Note: Lately


I suspect that my absence here means far more to me than it does to anyone else. Given this, I will say that the absence is felt strongly. I’m not sure what combination of life’s variables motivates this right here, but figuring that out is a top priority of mine. After starting and stopping too many books and then failing to choose any book at all, I was desperate for a straightforward recommendation from a reliable source; I’m skeptical of must-read lists, best-sellers receive far too much attention, and randomly browsing a bookstore rarely yields results. In late October, while scanning my own bookshelf with hands on hips for the nth time, I glimpsed An Uncommon Education and thought, I’ll ask Elizabeth Percer. She had proved exceptionally kind when I contacted her for a Q&A last year, so I thought I would test my luck again. Nevertheless, I was surprised to not only receive a swift response, but one that also reads like this:

I’m so sorry to hear that you’re in a book rut. Sometimes it’s good to let our fields go fallow. Walk around, read things other than books. Imagine the book you wish you could read, and tell people about it.”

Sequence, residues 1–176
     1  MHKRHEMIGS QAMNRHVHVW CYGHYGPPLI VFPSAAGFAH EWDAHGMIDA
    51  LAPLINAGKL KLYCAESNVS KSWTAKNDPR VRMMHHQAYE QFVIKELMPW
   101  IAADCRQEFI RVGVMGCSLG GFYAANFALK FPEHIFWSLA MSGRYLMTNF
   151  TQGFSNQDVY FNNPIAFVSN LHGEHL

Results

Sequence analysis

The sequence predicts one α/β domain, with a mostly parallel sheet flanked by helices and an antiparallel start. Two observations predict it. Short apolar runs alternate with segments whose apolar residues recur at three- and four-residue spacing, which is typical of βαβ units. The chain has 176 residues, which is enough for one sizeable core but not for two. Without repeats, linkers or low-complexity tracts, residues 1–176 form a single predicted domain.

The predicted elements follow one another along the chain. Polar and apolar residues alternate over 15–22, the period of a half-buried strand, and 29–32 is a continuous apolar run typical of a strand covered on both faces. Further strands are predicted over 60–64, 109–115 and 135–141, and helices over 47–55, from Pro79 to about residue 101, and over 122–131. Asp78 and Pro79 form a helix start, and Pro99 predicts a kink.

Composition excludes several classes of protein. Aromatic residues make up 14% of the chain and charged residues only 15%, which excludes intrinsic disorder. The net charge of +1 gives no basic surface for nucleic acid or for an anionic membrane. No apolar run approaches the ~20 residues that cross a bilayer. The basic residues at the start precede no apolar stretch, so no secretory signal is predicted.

Elizabeth ends her email with exactly the kind of recommendation that I was looking for: a single title and its author (So Long, See You Tomorrow by William Maxwell). I’ve since finished the book but I’m continuously re-reading it, settling in and opening to a random page, as if testing how much I remember. I love reaching the point in a book where no matter which page I flip to, I’m so familiar with the story that I can carry on without a hitch. So Long, See You Tomorrow is a simple story made rich by the details and emotions, much like our own lives. Books often have us dive into the ordinary lives of a cast of characters, only to lead us towards a bombshell that derails everything we’ve come to know and love/hate. In So Long, See You Tomorrow, the bombshell happens on the first page – Clarence kills Lloyd – and we work back and forth through time to answer all related questions. In her message, Elizabeth calls the book “generous and kind and brilliant,” and it doesn’t take long to discover exactly what that means. Maxwell takes great care in contextualizing the characters’ actions and motives, as if exonerating them, as if they have every reason in the world to behave exactly the way that they do. Perhaps we all do.
 
Best, Yuri
@yuriroho
Labels: Notes, Personal, , ,

Comments

  1. Thanks for the recommendation! When I’m in a book rut, I always re-read the classics and sometimes my favorite books I used to read as a kid πŸ™‚ The Magic Faraway Tree is my all time favorite πŸ™‚

  2. I was wondering why I wasn’t seeing new posts from you for a while. I love reading your thoughts on books and life in general. I was just in a reading rut probably about a month a go and I started reading letters. Weird I know, but they were refreshing and full of emotions as well.

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